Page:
By JC Abusaid,  CEO/President as Featured in WealthManagement

I’ve always said that the investment advisory/financial planning profession is built on relationships and legacy. Failing to invest in your firm’s relationships with its employees as part of that strategy is a surefire way to fail.

For wealth management executives, mergers and acquisitions might feel like the only way to grow and compete in the years ahead. Indeed, with the high volume of advisors eyeballing succession planning or hoping to streamline resources to focus on clients, M&A hype is all around.

According to the National Association of Plan Advisors, the ECHELON Partners’ 2023 RIA M&A Deal Report cites, “while there was a modest year-over-year decline, annual deal volume in 2023 eclipsed the 300 mark first achieved in 2021, reaching the second-highest annual total recorded.”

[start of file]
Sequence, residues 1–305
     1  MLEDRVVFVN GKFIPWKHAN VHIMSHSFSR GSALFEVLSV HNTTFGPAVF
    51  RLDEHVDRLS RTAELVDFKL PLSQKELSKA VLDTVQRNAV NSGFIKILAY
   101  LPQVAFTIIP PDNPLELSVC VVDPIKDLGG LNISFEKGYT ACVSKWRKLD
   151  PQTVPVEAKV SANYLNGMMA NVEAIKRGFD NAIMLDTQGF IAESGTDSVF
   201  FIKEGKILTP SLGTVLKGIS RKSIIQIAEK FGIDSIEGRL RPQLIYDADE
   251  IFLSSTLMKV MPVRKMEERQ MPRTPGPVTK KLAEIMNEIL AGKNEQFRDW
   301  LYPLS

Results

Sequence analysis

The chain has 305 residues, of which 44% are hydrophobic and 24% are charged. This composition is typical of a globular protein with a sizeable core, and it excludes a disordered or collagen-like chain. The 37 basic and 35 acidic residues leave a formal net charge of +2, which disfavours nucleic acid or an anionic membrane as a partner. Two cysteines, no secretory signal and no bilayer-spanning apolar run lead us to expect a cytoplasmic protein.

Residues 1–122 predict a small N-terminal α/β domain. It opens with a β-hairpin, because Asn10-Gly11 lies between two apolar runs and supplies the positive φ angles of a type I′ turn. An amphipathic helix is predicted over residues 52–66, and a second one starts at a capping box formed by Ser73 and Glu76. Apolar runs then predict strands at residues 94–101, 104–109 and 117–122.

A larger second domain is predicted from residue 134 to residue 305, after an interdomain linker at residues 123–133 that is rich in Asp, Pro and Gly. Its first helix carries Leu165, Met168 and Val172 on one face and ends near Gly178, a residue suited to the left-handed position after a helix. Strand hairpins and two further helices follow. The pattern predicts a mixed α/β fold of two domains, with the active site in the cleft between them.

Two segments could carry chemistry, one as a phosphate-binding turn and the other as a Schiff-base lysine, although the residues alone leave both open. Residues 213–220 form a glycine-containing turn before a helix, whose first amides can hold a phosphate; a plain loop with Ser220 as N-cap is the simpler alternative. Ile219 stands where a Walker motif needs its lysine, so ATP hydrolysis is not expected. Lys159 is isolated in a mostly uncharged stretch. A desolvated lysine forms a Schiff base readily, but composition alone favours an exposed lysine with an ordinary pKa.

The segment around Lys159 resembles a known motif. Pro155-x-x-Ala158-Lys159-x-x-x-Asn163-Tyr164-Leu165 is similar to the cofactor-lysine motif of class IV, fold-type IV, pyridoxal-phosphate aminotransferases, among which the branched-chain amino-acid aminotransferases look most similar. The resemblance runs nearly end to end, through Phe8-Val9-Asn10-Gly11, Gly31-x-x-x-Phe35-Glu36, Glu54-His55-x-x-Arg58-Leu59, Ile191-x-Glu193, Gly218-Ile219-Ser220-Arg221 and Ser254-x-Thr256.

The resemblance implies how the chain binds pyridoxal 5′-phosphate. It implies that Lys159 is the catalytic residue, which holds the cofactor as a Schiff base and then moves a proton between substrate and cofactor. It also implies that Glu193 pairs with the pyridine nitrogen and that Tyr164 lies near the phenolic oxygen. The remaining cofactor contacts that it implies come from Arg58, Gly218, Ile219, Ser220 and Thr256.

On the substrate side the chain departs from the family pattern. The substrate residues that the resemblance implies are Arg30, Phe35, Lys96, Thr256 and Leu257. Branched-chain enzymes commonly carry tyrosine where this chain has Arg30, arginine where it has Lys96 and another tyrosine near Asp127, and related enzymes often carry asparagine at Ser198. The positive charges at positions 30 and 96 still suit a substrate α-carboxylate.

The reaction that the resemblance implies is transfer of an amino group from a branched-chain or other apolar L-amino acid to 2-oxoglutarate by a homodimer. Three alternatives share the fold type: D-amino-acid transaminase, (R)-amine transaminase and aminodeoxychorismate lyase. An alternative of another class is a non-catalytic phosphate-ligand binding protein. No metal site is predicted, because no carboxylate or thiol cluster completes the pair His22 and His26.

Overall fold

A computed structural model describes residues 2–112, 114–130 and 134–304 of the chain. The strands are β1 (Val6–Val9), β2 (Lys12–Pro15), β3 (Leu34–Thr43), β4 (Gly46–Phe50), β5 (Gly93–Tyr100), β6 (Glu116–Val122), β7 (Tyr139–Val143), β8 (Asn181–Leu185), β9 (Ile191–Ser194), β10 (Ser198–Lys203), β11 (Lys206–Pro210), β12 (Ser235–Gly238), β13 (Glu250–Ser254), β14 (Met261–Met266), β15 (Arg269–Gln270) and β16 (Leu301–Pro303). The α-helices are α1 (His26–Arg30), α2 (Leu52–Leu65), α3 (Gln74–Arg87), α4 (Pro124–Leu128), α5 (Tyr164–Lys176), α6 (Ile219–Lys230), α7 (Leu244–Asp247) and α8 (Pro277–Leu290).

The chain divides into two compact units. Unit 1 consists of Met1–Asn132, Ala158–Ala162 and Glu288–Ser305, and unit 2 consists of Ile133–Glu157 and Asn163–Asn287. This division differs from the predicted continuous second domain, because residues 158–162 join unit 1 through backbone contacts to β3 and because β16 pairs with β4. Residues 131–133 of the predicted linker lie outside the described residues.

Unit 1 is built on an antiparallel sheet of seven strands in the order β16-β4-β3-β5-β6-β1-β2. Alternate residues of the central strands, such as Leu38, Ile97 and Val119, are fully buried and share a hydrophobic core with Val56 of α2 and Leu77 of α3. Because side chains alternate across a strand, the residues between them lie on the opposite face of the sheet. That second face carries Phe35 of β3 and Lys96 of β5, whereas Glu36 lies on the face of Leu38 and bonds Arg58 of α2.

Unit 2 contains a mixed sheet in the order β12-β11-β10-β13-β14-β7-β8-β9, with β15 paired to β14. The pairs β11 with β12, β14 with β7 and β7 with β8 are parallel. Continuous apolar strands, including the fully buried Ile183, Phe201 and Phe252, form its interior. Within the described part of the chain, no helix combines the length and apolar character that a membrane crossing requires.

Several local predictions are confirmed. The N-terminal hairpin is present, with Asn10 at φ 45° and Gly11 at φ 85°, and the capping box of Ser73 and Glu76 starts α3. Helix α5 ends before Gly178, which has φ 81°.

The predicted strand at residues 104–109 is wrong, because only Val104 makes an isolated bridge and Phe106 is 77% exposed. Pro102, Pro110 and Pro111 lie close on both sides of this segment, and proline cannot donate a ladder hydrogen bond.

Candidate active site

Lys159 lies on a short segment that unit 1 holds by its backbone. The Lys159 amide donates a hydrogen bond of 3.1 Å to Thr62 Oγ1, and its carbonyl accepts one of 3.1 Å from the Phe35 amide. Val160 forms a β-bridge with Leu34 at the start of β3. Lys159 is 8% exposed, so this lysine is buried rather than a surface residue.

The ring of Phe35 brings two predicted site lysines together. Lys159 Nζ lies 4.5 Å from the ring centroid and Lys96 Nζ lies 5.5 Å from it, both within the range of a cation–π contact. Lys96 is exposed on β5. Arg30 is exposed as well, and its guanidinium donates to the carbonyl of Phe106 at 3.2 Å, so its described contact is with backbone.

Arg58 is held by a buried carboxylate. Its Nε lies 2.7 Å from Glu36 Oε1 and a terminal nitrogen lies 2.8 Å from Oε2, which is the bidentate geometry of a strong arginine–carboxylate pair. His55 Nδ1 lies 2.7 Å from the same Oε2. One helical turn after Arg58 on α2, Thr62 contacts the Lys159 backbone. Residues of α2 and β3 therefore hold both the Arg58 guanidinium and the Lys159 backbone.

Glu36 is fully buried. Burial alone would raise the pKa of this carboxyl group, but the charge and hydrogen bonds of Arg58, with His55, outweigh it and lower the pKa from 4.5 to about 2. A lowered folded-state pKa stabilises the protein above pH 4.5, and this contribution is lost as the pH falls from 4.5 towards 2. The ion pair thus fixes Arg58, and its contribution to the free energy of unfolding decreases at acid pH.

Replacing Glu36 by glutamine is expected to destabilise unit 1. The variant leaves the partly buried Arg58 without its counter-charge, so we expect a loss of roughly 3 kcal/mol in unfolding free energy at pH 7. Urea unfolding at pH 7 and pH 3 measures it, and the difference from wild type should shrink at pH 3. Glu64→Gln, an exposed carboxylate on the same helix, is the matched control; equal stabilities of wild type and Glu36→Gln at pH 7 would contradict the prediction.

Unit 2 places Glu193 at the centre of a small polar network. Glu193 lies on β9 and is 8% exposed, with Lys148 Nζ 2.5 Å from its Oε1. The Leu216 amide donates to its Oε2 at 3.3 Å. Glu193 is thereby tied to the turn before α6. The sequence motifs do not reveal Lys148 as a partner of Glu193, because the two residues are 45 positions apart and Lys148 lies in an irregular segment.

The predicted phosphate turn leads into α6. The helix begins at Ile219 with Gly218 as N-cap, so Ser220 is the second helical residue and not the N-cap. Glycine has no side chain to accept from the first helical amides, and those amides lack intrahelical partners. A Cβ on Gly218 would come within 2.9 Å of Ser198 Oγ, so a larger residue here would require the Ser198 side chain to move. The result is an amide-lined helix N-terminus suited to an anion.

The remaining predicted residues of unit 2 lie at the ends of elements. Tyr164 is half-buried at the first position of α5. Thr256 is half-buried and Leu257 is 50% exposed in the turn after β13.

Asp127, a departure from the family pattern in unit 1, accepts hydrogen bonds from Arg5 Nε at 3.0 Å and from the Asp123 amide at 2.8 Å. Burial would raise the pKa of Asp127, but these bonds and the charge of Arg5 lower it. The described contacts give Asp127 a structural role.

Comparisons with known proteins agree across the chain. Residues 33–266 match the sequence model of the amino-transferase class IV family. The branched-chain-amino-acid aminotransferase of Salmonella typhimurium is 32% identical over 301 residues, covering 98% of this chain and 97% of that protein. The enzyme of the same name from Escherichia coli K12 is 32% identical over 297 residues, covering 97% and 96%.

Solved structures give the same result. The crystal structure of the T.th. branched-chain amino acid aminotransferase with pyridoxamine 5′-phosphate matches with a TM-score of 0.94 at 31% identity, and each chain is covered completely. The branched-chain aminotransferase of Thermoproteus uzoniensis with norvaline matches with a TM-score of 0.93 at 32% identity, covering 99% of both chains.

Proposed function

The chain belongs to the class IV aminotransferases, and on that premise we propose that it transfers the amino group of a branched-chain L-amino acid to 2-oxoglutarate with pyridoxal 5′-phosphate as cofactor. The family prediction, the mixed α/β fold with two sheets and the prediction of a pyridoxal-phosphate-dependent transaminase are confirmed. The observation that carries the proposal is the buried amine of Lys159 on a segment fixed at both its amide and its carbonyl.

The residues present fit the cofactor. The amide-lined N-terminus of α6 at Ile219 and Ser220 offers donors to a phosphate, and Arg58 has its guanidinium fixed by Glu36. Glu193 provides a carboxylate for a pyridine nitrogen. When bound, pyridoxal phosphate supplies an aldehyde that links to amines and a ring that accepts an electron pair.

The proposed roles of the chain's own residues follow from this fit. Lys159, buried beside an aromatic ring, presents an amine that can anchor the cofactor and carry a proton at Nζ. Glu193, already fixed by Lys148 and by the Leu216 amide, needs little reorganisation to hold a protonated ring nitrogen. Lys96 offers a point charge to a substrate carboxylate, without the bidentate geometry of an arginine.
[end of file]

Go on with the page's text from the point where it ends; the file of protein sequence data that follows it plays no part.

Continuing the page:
If your firm wasn’t acquiring another, or being acquired itself, I’m sure you knew one that was. But I’d argue that for sustained growth, wealth management firms must double down on their company culture by adopting a people-first approach, finding a comfortable way to market their services and focusing on their craft.

Here’s what wealth management executives can do to stay competitive without giving into the M&A frenzy.

Lead With a People-First Approach

My perspective is that M&A is the easy route – a viable option for firms who have the capital, but care less about company culture and employee retention.

Perhaps that last sentence made you stop in your tracks. As you’ve been accessing your firm’s growth over the past year, has company culture fallen by the wayside? It wouldn’t be surprising, considering the dramatic changes the workforce has faced over the past five years.

But it doesn’t have to be this way. Early in my career, I was mentored by strong leaders to build a sustainable and resilient firm where employees come first, culture is key, hard work pays off and margins are important but not a short-term priority. In many ways, mentorship has made all the difference in the success of my firm and other people-first firms we know and respect.

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